• Mongols Trademark Seizure

    by  • October 26, 2008 • trademark

    There have been a lot of posts about the government’s seizure of the MONGOLS trademark, used by a biker gang. You can find blogging about it here, here and here, and commentary here and here on what it means under trademark law principles.

    Ryan Giles at the Law Vegas Trademark Attorney had the comment that interested me the most, which is the potential for abandonment of the mark. A trademark is abandoned after a period of nonuse with an intent not to resume use – abandonment is presumed after three years of nonuse.
    The government seems to be in a pickle though, to the extent it needs to rely on trademark law to stop people from using the trademark. The significance of the mark is that it stands for a motorcycle gang that the government has characterized as outlaw. I assume the government’s position is that it wants to eradicate use of the mark, or in other words, it will cease use of the mark and has no intent that use be resumed. If so, the mark is abandoned and freely available for others to adopt at the moment that becomes true – waiting three years not required.
    If the government says it has an intent to resume use through the sale of the mark, query whether it can even be sold in a way that’s of value to the purchaser. To claim priority to the Mongols’ use, the new user would have to “tack” to it, but:

    The standard for “tacking,” however, is exceedingly strict: “The marks must create the same, continuing commercial impression, and the later mark should not materially differ from or alter the character of the mark attempted to be tacked.” In other words, “the previously used mark must be the legal equivalent of the mark in question or indistinguishable therefrom, and the consumer should consider both as the same mark.”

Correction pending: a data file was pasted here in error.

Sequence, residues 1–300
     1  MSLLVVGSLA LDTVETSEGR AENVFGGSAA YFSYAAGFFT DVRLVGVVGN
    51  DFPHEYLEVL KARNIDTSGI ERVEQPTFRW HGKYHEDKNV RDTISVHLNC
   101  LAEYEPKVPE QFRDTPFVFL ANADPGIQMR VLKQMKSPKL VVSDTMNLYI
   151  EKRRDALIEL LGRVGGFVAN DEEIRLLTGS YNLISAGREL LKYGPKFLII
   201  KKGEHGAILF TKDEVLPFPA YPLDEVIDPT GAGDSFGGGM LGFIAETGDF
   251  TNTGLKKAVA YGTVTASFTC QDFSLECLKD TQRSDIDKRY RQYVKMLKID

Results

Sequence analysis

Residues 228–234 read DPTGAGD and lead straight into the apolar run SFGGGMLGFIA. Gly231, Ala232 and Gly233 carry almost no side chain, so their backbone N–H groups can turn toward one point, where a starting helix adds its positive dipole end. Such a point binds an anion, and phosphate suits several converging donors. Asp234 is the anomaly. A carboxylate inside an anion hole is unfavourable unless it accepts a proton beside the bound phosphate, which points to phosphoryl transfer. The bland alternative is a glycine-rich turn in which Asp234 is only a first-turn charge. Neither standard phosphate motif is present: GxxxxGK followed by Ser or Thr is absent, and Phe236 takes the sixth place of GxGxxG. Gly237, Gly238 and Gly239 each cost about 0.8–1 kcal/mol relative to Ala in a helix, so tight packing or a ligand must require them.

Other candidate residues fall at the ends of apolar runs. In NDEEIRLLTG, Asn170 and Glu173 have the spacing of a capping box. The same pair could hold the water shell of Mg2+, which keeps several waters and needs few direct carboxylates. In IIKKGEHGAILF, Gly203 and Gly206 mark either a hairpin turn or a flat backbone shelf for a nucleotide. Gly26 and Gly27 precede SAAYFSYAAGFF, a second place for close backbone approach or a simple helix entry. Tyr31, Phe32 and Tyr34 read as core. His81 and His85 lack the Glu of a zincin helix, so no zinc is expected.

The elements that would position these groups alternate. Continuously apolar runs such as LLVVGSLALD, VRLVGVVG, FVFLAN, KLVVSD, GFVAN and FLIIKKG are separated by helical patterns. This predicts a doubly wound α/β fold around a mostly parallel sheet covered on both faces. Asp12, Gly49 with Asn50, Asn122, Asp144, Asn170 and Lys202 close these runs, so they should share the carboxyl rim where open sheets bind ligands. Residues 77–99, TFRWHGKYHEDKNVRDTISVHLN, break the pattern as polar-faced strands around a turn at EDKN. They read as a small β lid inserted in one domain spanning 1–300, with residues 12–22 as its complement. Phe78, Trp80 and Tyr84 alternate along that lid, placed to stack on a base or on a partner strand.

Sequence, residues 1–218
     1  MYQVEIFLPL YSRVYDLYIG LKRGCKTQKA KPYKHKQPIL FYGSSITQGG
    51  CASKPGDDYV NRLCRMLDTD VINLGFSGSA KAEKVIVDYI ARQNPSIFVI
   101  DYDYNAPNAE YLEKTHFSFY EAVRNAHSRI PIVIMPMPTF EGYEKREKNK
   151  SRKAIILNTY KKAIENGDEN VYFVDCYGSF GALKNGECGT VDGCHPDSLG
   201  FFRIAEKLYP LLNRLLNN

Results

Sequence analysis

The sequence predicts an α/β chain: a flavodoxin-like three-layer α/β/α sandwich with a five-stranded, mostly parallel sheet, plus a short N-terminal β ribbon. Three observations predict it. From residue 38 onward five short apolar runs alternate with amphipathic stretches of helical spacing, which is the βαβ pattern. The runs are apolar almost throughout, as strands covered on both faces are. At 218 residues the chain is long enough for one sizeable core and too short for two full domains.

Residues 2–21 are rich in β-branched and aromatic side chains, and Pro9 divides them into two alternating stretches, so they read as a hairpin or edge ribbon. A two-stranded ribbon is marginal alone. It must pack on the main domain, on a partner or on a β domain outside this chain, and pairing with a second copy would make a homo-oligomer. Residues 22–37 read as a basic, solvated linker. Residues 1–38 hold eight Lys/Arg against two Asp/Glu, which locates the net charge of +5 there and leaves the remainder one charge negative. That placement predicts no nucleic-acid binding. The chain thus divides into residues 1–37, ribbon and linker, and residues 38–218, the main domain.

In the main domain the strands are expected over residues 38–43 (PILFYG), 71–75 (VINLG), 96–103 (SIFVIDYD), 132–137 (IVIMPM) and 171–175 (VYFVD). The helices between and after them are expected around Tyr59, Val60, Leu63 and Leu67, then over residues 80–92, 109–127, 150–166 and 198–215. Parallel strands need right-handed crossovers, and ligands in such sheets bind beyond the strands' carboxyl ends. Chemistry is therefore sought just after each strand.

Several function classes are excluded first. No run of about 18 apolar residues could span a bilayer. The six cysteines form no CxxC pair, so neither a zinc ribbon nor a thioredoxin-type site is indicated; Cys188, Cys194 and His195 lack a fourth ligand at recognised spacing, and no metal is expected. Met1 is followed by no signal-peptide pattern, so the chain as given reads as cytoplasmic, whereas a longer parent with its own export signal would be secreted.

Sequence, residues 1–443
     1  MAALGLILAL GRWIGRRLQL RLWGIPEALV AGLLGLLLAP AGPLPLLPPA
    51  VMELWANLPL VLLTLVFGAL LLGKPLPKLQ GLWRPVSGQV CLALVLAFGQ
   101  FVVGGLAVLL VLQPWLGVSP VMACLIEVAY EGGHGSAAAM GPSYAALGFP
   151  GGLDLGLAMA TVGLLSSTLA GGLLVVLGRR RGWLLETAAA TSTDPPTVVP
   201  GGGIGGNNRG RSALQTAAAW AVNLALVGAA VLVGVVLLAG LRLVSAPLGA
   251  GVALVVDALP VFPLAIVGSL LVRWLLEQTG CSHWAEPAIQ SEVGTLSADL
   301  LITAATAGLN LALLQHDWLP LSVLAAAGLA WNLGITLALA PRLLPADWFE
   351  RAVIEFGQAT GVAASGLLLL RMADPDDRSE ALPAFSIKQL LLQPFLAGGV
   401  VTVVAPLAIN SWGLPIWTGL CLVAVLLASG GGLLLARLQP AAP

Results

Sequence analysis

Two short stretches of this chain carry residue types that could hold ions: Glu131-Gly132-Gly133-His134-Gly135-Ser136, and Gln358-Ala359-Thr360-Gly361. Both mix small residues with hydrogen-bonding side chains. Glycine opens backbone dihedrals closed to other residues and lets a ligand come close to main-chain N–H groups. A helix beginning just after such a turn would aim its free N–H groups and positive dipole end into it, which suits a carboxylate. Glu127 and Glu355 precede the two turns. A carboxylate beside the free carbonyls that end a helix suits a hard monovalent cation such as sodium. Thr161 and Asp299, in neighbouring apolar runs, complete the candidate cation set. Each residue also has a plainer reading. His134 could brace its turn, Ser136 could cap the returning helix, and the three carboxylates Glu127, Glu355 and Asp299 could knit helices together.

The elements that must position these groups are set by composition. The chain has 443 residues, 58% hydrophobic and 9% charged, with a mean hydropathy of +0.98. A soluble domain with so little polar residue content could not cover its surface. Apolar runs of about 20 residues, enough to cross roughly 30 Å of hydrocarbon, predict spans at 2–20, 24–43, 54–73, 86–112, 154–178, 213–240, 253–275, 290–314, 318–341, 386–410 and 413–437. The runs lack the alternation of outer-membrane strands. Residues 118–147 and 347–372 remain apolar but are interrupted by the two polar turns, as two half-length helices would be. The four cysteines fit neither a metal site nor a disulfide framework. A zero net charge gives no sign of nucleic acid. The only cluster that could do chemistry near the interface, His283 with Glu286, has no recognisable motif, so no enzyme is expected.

Brookfield Communications, Inc. v. West Coast Entertainment Corp., 174 F.3d 1036, 1048 (9th Cir. 1999) (citations omitted). The goods or services offered under the mark post-assignment must essentially remain the same:

    Inherent to the rules involving the assignment of a trademark is the recognition of protection against consumer deception. Basic to this concept is the proposition that any assignment of a trademark and its goodwill (with or without tangibles assigned) requires the mark itself be used by the assignee on a product having substantially the same characteristics.

    PepsiCo, Inc. v. Grapette Co., 416 F.2d 285, 288 (8th Cir.1969). The government may have been willing to sell a trademark for a whorehouse, but that was a legal enterprise. But the government could hardly sell the mark for an outlaw biker gang, the “commercial impression” that the mark currently has. Just fun to think about.
    © 2008 Pamela Chestek